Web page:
The Cotswold Canals traverse a beautiful part of the British Isles
A landscape of hills, valleys and flowing water; where the abundant mills once gave the area prime importance in the cloth industry and indeed provided the necessity for the canals.
A long distance footpath, the Thames & Severn Way, links the Rivers Severn and Thames following as closely as possible the towpath of the Stroudwater Navigation and Thames & Severn Canal.
The waterway climbs 350 ft. from the Severn Vale at Saul, passing through Stroud and the Cotswold Hills, via 56 locks and the 2.17 miles long Sapperton Tunnel.
The summit level twists and turns along the contours through open countryside and comes close to Cirencester as it begins a more gradual descent into the Thames Valley through flights of locks at Siddington and South Cerney. Beyond Cerney Wick Lock is Latton Junction where the former North Wilts Canal wound its way round Cricklade to Swindon and joined the Wilts & Berks Canal either to Abingdon on the Thames or Semington on the Kennet & Avon Canal.
The Thames and Severn Canal now passes through remote countryside as it heads towards the River Thames. It passes Eisey Manor and the village of Kempsford before reaching the last of five round houses which overlooks the junction with the river at Inglesham, near Lechlade.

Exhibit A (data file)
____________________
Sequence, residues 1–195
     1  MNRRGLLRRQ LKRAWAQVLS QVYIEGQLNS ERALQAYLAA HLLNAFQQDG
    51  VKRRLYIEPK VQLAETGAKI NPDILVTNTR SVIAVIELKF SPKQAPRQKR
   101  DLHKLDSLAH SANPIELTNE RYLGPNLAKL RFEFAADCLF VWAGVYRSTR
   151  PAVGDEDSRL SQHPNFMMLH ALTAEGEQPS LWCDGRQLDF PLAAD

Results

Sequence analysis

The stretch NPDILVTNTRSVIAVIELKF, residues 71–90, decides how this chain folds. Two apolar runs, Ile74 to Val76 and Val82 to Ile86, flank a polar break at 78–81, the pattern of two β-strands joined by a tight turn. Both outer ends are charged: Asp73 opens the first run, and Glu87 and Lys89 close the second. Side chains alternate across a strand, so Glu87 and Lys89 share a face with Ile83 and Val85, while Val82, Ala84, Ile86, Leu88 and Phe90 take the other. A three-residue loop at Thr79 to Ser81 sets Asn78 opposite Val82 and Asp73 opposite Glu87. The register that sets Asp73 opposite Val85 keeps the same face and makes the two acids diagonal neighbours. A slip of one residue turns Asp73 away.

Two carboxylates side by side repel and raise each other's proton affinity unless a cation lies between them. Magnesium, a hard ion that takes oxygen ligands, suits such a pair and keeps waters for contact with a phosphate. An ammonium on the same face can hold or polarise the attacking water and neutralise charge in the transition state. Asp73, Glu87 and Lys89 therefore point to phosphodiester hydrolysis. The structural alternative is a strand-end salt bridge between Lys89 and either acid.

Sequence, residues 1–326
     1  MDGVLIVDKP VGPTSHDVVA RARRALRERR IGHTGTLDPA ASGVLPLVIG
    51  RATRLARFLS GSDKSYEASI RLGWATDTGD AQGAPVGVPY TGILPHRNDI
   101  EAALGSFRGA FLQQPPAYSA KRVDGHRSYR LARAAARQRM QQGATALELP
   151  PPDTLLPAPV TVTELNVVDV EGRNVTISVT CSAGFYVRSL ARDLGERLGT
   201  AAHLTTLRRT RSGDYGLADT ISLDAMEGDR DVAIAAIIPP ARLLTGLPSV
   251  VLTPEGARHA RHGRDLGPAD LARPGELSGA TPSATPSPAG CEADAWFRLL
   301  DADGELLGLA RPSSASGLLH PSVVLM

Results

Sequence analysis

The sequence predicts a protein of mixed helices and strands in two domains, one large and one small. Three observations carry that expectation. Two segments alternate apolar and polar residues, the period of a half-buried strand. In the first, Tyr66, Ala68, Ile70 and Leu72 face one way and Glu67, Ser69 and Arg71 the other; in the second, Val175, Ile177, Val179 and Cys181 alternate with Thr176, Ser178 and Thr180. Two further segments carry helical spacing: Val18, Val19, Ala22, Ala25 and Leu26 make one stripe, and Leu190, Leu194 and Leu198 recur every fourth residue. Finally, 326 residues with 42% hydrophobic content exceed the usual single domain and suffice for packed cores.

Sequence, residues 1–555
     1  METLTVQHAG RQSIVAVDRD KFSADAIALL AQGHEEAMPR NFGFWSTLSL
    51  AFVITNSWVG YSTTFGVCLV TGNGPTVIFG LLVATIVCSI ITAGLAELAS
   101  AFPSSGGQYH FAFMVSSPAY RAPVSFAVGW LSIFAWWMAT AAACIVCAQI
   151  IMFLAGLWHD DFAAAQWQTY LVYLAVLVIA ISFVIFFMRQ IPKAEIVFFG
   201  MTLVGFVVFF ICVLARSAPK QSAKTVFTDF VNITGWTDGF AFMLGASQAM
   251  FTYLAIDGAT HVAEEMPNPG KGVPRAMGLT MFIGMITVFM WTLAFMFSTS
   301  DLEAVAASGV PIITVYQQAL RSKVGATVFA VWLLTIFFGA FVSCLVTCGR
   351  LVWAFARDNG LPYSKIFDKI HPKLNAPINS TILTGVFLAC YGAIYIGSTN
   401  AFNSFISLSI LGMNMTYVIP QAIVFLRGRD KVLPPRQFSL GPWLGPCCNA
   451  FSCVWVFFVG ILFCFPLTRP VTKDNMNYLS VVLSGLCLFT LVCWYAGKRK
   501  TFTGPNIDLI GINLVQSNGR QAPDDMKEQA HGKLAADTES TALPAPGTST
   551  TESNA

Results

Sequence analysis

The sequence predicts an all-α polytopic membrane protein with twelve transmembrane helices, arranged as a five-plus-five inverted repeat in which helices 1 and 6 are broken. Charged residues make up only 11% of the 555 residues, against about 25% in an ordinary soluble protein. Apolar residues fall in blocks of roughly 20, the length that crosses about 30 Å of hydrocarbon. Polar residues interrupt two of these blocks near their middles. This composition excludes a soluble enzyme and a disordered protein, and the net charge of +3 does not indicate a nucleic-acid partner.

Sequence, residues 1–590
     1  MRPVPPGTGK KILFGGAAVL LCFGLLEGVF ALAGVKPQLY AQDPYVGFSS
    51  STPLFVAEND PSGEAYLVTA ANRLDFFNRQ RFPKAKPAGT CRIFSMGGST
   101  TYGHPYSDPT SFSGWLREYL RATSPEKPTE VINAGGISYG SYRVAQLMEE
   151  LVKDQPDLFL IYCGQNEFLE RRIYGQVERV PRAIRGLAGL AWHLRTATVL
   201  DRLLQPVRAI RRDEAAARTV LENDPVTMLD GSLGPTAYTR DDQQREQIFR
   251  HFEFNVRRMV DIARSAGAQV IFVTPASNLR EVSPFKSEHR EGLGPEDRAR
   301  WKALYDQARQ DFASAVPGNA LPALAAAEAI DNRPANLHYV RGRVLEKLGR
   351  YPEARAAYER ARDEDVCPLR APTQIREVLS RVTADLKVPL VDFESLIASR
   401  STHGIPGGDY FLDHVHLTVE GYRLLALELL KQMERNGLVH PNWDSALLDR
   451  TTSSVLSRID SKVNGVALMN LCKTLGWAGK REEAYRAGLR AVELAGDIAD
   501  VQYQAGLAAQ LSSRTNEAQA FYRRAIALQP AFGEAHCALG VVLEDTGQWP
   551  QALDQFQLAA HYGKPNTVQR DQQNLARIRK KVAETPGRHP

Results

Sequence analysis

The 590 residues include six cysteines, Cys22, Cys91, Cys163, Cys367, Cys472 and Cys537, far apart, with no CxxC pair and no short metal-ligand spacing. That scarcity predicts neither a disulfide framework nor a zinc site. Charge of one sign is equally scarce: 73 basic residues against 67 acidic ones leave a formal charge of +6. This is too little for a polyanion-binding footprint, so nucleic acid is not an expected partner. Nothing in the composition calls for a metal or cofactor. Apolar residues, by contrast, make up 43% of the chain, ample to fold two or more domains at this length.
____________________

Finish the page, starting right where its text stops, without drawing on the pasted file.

This spot is best approached from Lechlade along the Thames & Severn Way. Or better still… by boat!
A Trip through Time
Two separate waterways once linked England’s two greatest rivers. The Stroudwater Navigation, to the west of Stroud, was opened in 1779 to connect Stroud to the Severn.
Ten years later the Thames & Severn Canal extended this route to Lechlade on the Thames.
In 1972 a society was formed to protect and restore the Stroudwater Navigation and the Thames & Severn Canal. This is now known as the Cotswold Canals Trust.
Early volunteers struggled to re-open short lengths of waterway and gradually locks and bridges have also been restored often in partnership with local authorities. Cotswold Canals Trust Members will continue to help with physical work, run trip boats, promote the Trust and raise funds.
The Stroudwater was abandoned in 1954 but is still owned, and leased out, by the original builders — The Company of Proprietors. Much of the line is intact and many attractive features and distinctive buildings remain. In 2001, the newly formed Cotswold Canals Partnership made a commitment to restore the Cotswold Canals. This group will steer the restoration and future funding.
The restoration of the Cotswold Canals is gathering pace. In the west, a £25 million project is led by Stroud District Council.
This scheme, 6 miles of the most difficult section to restore, centred on Stroud and funded with £12million from the Heritage Lottery Fund, £7.5 million from the South West Regional Development Agency and contributions from other sources, including £800,000 from the Trust and over £1m of volunteer effort, will see the restoration of Phase 1a.
Phase 1b, the critical length needed to link Phase 1a to the rest of the inland waterway network at Saul is the next big challenge.
Meanwhile in the east, the Trust now owns the first section of the Thames & Severn Canal where it meets the Thames at Inglesham and is working at numerous locations within the Phase 2 Cotswold Water Park section.